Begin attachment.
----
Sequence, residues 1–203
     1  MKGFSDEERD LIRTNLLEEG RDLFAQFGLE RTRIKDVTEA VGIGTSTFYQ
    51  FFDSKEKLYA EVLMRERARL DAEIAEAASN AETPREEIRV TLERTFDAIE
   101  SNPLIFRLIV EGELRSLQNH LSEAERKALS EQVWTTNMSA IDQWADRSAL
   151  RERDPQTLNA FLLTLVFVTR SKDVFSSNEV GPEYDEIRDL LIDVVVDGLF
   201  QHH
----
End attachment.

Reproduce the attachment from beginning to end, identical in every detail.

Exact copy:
Sequence, residues 1–203
     1  MKGFSDEERD LIRTNLLEEG RDLFAQFGLE RTRIKDVTEA VGIGTSTFYQ
    51  FFDSKEKLYA EVLMRERARL DAEIAEAASN AETPREEIRV TLERTFDAIE
   101  SNPLIFRLIV EGELRSLQNH LSEAERKALS EQVWTTNMSA IDQWADRSAL
   151  RERDPQTLNA FLLTLVFVTR SKDVFSSNEV GPEYDEIRDL LIDVVVDGLF
   201  QHH